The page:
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7 ways Dr. Oz is lying to you about red meat

April 19, 2016

5 Min Read
7 ways Dr. Oz is lying to you about red meat

If you don’t want your blood to boil this morning, you should probably stop reading this blog post now before it’s too late.

TV personality Dr. Oz has struck again — this time blaming red meat consumption on making us obese, clogging your arteries, damaging your brain, leading to cancer, causing Type-2 diabetes, and he even threw in ruining your sex life and causing wrinkles for good measure — and he couldn’t be more WRONG!

A reader recently sent our BEEF editorial team an article written by celebrity physicians Dr. Oz and Dr. Roizen titled, “How to kick your dangerous red meat habit.” In the article, the doctors challenge readers to reduce their red meat consumption to one serving a week at most. The article includes tips for substituting skinless chicken, vegetarian options and fish instead of red meat.

I don’t know about you, but I’m sick and tired of poor science, fear-mongering and celebrities trying to increase ratings on their TV shows by telling Americans how to eat. Here are the facts, with sources for more information, to negate his claims:

1. Obesity

America’s expanding waistline has been a growing problem since the 1970s, which is coincidentally the same time the USDA Food Guide Pyramid advised Americans to eat less saturated fats and consume more carbs. As low-fat and non-fat products were created and grew in popularity, the amount of meat we consume in this country has gone down.

READ: Meat MythCrushers video addresses misconceptions about red meat & obesity

By the way, in 2012 Dr. Oz said meat was not to blame for the obesity epidemic. Read more about it here. 

2. Heart disease

A study which appeared in the Journal of Nutrition found that increasing your daily intake of protein-rich foods that contain certain amino acids reduces the risk of heart disease as much as giving up smoking. Specifically, researchers found that eating a 75-gram portion of steak was effective in reducing arterial stiffness.

READ: New study shows how beef can improve heart health

3. Brain function

In an article for AuthorityNutrition.com, Kris Gunnars, a medical student and personal trainer, lists the five brain nutrients that are only found in meat, fish and eggs, but not plants, including: Vitamin B12, Creatine, Vitamin D3, Carnosine, and Docosahexaenoic Acid (DHA).

READ: Is meat the best brain food?

Also, check out: Study finds vegetarians have small brains

4. Cancer

When the World Health Organization’s (WHO) International Agency for Research on Cancer (IARC) concluded that “red meat is probably carcinogenic to humans” last fall, they ignored a large body of evidence that says differently. In fact, the outcry by the medical community after the announcement was made was so great that WHO later backtracked on the initial report.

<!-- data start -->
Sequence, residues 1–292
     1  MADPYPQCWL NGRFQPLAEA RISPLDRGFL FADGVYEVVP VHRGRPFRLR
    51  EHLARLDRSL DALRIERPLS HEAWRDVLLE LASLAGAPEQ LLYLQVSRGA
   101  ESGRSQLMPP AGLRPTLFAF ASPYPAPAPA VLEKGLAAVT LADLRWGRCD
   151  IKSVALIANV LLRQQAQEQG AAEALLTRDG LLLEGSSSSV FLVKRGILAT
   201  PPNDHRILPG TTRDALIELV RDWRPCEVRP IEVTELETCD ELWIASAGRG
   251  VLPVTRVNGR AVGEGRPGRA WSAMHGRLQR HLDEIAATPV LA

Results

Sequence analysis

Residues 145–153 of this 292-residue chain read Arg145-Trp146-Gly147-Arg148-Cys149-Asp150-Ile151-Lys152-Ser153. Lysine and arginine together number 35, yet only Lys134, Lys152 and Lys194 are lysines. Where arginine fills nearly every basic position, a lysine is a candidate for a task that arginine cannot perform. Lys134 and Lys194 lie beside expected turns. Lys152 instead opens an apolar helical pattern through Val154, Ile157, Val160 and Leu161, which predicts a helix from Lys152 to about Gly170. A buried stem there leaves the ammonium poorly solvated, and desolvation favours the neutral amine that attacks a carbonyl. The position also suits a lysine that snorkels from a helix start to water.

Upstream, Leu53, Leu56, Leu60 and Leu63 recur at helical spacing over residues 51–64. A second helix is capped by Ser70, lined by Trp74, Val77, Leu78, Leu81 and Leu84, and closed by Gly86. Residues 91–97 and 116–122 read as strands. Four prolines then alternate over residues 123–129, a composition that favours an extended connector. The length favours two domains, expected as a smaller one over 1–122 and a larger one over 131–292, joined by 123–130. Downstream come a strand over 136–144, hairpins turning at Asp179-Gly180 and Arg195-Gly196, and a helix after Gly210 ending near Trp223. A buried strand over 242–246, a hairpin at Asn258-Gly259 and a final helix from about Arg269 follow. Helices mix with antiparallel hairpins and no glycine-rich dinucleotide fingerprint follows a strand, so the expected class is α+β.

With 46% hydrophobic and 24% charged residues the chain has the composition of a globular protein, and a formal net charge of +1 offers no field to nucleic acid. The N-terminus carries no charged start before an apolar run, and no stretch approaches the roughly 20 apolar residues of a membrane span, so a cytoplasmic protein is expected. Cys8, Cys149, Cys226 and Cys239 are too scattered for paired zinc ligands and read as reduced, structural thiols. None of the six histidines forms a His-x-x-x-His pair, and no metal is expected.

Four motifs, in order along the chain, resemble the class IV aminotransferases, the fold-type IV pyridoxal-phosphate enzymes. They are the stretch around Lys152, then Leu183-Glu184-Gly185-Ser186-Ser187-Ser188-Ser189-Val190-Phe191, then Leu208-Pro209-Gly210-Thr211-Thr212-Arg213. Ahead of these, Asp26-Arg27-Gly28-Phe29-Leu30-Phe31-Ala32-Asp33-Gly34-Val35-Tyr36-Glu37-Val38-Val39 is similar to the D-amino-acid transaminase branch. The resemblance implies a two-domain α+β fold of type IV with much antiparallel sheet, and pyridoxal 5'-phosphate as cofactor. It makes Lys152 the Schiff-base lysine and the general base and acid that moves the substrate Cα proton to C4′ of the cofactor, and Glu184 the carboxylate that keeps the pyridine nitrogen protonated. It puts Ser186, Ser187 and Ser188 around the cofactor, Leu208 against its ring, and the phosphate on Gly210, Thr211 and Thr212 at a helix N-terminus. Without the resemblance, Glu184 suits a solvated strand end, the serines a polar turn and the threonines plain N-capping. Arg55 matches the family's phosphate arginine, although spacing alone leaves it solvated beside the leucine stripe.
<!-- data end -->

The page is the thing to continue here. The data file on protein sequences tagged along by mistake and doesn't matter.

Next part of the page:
READ: 3 ways to disprove IARC on red meat & cancer link

5. Type-2 Diabetes

I simply cannot understand why this one continues to circulate. Beef does not spike our blood sugar readings like a candy bar would, so what’s the deal?

Gary Taubes is the author of the best-selling books, “Good Calories, Bad Calories” and “Why We Get Fat and What To Do About It.” He explains how the obesity epidemic, which is linked to modern diseases like diabetes, was caused by our increased consumption of not animal fats but sweets. Americans consumed 75 lbs. of sugar per person per year in 1986. By the early 2000s, Americans consumed 90 pounds of sugar per person per year. It’s estimated that this number is even higher today.

“By the early 2000s, when sugar consumption peaked, one in every three Americans was obese, and 14 million were diabetic,” he said. “This correlation between sugar consumption and diabetes is what defense attorneys call circumstantial evidence. It’s more compelling than it otherwise might be, though, because the last time sugar consumption jumped markedly in this country, it was also associated with a diabetes epidemic.”

READ: Does red meat increases diabetes risk?

6. Sex

To feed your libido, Cecilia Tregear , a world-renowned physician based in London, recommends eating red meat to feed your brain, balance your hormones, and boost your energy.

“Good nutrition is essential for the healthy production of hormones which maintain the libido and allow for regular and fulfilling sexual activity,” she said.

In her “Between the Sheets” diet plan, Tregear says the amino acids and healthy fats found in foods like red meat can help folks look and feel younger and can encourage folks to be more active in the bedroom.

READ: Feed your libido! Want to perk up your love life? Start in the kitchen with food that will give you the oomph factor.

7. Wrinkles

Want to age gracefully and look beautiful from the inside out? Dr. Oz says red meat will cause wrinkles, but there are others who disagree. Take, for example, Angelina Jolie. Considered to be one of the most beautiful women in the world, this actress credits red meat as her secret for health and beauty.

READ: Angelina Jolie says red meat is her beauty secret

In addition, the Anti-Wrinkle Diet also suggests to consume red meat for collagen and zinc, which help to maintain the elasticity of our skin and promote youthfulness.

Learn more about the Anti-Wrinkle Diet here. 

What other ways can Dr. Oz possibly attack beef on his show? I’ll be ready and waiting to debunk them all, but in the meantime, feel free to share today’s blog to show the many ways that red meat in the diet can help to cure what ails you!

The opinions of Amanda Radke are not necessarily those of beefmagazine.com or Penton Agriculture.


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